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By Mark Lindenberg
Have you crossed Logan’s Line recently? Chances are you have and didn’t know it!
Think of Québec City, and it’s only natural that history comes to mind. Jacques Cartier landed here 475 years ago; Samuel de Champlain founded the city itself 408 years ago; Montcalm and Wolfe fought on the Plains of Abraham 257 years ago. Exploration, discovery and battle are part of the foundation of tourism in Vieux-Québec, and rightly so.
But that foundation of military, social and human history is built on far older bedrock that, when you dig a little deeper, can be just as fascinating and far-reaching.
Walk around the city for a while, and you can see the influence that geological time has had on the area. It’s where the Canadian Shield (one billion years old) and the St. Lawrence Platform (500 million years old) meet the 450-million-year-old Appalachian Orogen (an orogen is a belt of rock involved in the formation of mountains). Logan’s Line is the visible fault between the latter two stone ages. Named after Montrealer William Edmond Logan, director of the Geological Survey of Canada from 1842 to 1870, it extends as far south as Montréal and as far east as the coast of Newfoundland.
I decided to go looking for Logan’s Line this summer, starting at the Saint-Louis Gate in Québec City’s Upper Town. The gate is 322 years old and has been rebuilt four times, most recently in 1878 using St. Lawrence Platform Ordovician limestone. The other existing entrances to the old city – the Saint-Jean, Kent and Prescott gates – share similar histories of construction and rebirth, and were built of similar limestones.
Walking down Rue St-Louis to the Château Frontenac, I pass the Maison Cureux (86, rue St-Louis), made of Cap-Diamant blackstone, otherwise known as “stinking stone,” as it reeked of sulphur when quarried. Looking at one of the Château’s towers, I see one of four different kinds of stone the landmark was built with: blue limestone from the St. Lawrence Platform, quarried in the appropriately named town of St-Marc-des-Carrières, upriver.
Across the street is the Gérard D.Lévesque Building. Formerly the Québec City courthouse, it now houses the provincial ministry of finance. It was built with at least four types of stone —green sandstone, limestone, granite and grey sandstone— between 1883 and 1887.
Walking still farther, I find the Terrasse Dufferin, a wooden boardwalk constructed above Lower Town. My back to the river, I look to the right and see the Price Building, built in the 1920s. It was also built using limestone from St-Marc-des-Carrières – grey, fading to beige as it weathers – and limestone from Queenston, near Niagara Falls in Ontario.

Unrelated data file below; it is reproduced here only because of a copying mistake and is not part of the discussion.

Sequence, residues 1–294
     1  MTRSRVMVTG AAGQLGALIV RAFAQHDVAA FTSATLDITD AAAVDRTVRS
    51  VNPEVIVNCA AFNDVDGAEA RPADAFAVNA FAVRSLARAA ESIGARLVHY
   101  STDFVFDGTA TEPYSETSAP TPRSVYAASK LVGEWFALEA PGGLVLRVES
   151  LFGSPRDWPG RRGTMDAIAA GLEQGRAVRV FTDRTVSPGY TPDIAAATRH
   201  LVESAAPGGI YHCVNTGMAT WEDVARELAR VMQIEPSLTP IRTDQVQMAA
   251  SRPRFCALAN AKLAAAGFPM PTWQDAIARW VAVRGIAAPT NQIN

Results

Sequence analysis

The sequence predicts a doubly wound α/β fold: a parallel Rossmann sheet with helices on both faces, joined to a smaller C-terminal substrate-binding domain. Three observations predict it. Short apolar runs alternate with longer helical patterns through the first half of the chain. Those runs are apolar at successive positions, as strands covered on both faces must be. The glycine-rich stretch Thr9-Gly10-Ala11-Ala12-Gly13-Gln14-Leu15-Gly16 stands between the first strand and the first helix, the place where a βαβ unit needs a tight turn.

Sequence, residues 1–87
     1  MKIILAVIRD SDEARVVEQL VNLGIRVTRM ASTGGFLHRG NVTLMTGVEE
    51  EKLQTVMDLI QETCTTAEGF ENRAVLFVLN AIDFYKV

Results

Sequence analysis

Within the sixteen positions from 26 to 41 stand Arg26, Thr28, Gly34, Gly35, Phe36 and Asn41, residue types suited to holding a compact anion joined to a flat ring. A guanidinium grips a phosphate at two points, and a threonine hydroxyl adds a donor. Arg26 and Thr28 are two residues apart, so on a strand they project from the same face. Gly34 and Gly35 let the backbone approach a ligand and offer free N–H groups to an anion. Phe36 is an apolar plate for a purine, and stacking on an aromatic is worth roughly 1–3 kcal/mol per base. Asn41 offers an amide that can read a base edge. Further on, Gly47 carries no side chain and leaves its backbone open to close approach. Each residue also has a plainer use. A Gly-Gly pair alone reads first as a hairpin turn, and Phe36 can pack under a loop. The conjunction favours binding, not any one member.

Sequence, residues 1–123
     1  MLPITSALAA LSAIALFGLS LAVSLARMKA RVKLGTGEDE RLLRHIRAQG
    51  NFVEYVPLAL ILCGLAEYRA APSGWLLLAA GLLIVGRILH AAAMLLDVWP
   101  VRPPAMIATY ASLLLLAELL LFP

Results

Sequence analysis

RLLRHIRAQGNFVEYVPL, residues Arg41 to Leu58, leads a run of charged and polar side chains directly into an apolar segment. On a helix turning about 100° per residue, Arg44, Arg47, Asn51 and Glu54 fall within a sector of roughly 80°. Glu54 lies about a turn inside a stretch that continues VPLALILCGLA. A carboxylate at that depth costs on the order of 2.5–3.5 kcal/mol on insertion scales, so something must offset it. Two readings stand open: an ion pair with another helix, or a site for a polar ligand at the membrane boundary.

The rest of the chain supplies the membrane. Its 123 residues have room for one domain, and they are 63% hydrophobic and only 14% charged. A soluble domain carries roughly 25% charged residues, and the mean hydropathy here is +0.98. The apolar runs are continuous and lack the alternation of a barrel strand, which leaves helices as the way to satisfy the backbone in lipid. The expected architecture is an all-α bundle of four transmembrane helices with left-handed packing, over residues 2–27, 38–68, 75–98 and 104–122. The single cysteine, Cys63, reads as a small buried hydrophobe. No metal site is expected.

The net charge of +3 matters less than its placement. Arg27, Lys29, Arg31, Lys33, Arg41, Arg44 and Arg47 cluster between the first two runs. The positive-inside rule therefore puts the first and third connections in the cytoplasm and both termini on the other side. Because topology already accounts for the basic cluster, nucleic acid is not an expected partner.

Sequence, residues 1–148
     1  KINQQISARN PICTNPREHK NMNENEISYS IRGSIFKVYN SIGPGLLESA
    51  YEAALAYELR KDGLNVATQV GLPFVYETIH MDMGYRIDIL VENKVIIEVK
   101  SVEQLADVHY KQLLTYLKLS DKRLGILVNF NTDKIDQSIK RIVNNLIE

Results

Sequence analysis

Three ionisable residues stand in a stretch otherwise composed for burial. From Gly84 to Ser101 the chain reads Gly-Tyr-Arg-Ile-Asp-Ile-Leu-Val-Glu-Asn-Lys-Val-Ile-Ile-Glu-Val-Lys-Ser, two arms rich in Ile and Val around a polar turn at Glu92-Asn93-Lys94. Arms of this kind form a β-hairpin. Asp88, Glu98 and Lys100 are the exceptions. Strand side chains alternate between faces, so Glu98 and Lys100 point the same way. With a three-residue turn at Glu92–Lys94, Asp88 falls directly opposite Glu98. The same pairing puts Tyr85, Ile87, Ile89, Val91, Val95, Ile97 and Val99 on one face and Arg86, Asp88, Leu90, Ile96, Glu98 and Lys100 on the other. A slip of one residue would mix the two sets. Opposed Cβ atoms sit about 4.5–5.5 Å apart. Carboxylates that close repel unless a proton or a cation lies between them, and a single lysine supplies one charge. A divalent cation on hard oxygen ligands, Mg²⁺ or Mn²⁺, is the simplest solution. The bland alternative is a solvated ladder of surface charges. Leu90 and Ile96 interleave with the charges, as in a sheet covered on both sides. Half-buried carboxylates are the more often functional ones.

Stone from outside the region was occasionally used to meet demand for accelerated construction. One quarry simply couldn’t do it if the building was to be completed in a year. Because it has fossils embedded in it, Queenston limestone is pink and takes on a yellow-red tinge as it weathers. The fossils would have lived underwater in the Paleozoic era and would have been deposited in the rock bed as water receded.
And speaking of time travel, beside me on the Terrasse is the funicular. Whether I ride it down to Lower Town, or walk down the steep and imposing Escalier Casse-Cou (Breakneck Steps), I’m crossing one of the city’s clearest boundaries of geological history.
Here, I find Logan’s Line.
Standing in Old Québec’s Upper Town, I’m standing on the Appalachian Orogen; as I make my way to Lower Town, I end up on the St. Lawrence Platform. In the space of a few minutes, I go back in time millions of years. I touch the stone at the corner of Rue St-Pierre and Côte de la Montagne, and I’m all of a sudden aware of the sheer weight of history, not to mention all that rock.
That may have been the way it was for Logan, too. A skilled painter, he became a member of the Geological Society of London in 1837. Three years later, he presented a paper describing his theory about the formation of coal, the validity of which was confirmed by further observations in the United States, Canada and Scotland. As director of the Geological Survey of Canada, Logan realized that properly surveying the country’s geology had to be a well-funded effort. Over a number of years during which he collected, documented (in painstaking detail) and presented specimens, he convinced successive governments to fund ever-greater endeavours.
Want to follow in Logan’s footsteps? You can. But if you’re going to use your smartphone to navigate all that stone, be warned! Google Maps doesn’t show you any of the varying, and sometimes wicked fluctuations in elevation in this area.
Got a car? Drive over the bridge to Île d’Orleans, and Logan’s Line is the rise after you get off the bridge. A nice little bonus is Montmorency Falls, just visible before you cross the bridge. That’s where the Grenville Orogen joins the St. Lawrence Platform.
Whether you drive down the Côte du Cap-Rouge, or bike up the hill from Boulevard Charest Ouest to Chemin Ste-Foy, or take Métrobus #802 into Limoilou, you’re crossing Logan’s Line. Same thing if you walk down the steps from the Faubourg St-Jean-Baptiste into St-Roch.
Stone doesn’t just commemorate the city’s fascinating history; it’s part of our daily lives. And whether or not we’re conscious of it as we stare down at sandstone cobblestones at the intersection of Rue du Fort and Rue des Pains-Bénits or stand at the asphalt intersection of Avenue Honoré-Mercier and Côte d’Abraham, our geological history is another Québec City treasure waiting to be explored.
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